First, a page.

I, probably like many of my generation, remember the mixture of disappointment, disbelief, and astonishment that followed the fall of the Iron Curtain in the early 1990s when we post-Soviet schoolchildren learned what our peers in Western schools were learning. Often, these stories were told with a dose of grotesque exaggeration, as in [comedian] Mikhail Zadornov’s “oh, those stupid Americans!” But a fact was a fact: while “we” deftly solved quadratic equations, “they” could barely cobble together fractions; while “we” memorized the capitals of every country in the world and the dates of every battle, “they” couldn’t tell Italy from Spain on a blank map (oh, what am I saying— “they,” shockingly, didn’t even have blank maps!). “They,” from “our” point of view, learned some very strange things: in elementary school, instead of concrete tasks like multiplication tables, “they” were taught things like “don’t talk to strangers.” In middle school, while “we” studied valence, Boyle’s law, and programming in Pascal, “they” had debates, lectures about social organizations and parliamentary systems and politics, and the entirely bewildering concept of “week-long projects.” “We” won all the school Olympiads with ease and grace, but for some reason, “they” got all the Nobel Prizes.

Now, of course, I understand that it would have been no tragedy if I had learned to solve linear equations not in the eighth grade, but later, perhaps as a college student who had already decided to major in mathematics. (Freshman math majors study linear algebra from the beginning anyway, but for them, it’s an axiomatic theory, not a set of calculations to be memorized!) Instead, I would have had a school debate tournament in eighth grade. About global warming, perhaps, or maybe vaccines. Now, of course, we regret that many of our compatriots just didn’t learn in school how social institutions function, what politicians and political parties are for — and we often have to start building a trail from scratch where Europe already has a well-worn road. Nowadays, we think a lot about how we might change things in the bright, shining Russia of the future so that we can kill all our birds with one stone — so that our education system would allow young people both to gain knowledge and to prepare for life in the contemporary world, in contemporary society.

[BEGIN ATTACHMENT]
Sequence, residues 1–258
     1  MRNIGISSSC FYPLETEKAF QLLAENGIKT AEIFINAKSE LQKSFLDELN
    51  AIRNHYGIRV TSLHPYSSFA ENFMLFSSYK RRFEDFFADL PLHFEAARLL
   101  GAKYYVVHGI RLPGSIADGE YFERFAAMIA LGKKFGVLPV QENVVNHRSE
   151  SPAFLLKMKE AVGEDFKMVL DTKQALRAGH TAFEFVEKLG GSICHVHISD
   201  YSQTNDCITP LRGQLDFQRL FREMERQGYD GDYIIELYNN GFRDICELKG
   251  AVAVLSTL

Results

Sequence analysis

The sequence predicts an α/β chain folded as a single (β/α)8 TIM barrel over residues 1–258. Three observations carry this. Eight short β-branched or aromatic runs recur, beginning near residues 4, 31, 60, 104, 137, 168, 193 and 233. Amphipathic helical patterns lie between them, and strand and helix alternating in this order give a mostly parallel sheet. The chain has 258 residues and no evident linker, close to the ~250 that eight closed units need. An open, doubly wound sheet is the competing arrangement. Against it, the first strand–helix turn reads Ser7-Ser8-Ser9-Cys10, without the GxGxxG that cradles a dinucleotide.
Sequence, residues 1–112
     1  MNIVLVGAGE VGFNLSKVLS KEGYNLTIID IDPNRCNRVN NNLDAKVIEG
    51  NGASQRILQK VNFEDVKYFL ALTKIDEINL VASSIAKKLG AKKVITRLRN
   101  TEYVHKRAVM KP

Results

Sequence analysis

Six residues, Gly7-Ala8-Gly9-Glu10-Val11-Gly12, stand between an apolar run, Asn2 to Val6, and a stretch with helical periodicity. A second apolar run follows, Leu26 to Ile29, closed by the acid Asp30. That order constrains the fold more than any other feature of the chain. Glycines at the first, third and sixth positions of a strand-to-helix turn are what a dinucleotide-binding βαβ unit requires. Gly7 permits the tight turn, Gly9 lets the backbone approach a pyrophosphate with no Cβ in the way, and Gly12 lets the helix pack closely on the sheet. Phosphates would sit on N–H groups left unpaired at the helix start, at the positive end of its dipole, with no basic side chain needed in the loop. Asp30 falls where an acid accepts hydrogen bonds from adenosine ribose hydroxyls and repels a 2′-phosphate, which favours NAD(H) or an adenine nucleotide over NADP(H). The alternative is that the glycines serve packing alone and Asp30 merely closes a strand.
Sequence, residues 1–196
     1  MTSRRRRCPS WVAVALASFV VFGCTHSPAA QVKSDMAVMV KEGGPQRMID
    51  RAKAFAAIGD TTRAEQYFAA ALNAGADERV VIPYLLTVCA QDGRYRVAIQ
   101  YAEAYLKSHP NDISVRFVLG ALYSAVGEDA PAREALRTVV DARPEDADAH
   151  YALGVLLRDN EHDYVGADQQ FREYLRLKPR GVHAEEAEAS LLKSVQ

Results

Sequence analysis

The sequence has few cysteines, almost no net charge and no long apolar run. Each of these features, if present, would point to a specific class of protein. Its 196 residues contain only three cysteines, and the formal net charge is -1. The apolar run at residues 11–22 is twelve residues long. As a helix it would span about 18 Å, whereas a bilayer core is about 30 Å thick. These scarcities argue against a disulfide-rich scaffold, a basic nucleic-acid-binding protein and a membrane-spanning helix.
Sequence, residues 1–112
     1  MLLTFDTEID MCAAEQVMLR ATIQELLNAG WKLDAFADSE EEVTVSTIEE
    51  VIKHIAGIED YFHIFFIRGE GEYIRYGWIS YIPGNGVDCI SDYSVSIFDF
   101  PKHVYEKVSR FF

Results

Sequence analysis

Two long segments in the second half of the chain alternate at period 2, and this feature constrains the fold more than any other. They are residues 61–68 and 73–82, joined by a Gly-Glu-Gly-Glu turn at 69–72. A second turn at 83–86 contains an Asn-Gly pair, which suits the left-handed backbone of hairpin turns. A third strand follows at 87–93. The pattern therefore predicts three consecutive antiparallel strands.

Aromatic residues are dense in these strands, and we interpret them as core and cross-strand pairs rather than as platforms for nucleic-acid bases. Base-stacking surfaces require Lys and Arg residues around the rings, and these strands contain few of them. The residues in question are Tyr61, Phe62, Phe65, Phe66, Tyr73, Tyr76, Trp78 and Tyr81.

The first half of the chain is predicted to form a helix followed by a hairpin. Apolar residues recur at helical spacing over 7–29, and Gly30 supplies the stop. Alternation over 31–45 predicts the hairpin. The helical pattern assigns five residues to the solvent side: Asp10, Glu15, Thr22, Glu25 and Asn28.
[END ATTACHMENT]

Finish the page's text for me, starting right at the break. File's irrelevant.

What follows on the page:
That conversation is where the problem of fake news belongs. Contemporary society is postindustrial and information-centered. Information is its most valuable resource. The ability to use information is its most valuable skill. There is a veritable mass of tools available to serve that skill. A society that teaches its schoolchildren how to fact-check their sources and how the institution of expertise operates among scholars and researchers will defeat fake news much faster than a society that stubbornly ruins its Internet with fines and censorship filters.

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Leonid Volkov

Translation by Hilah Kohen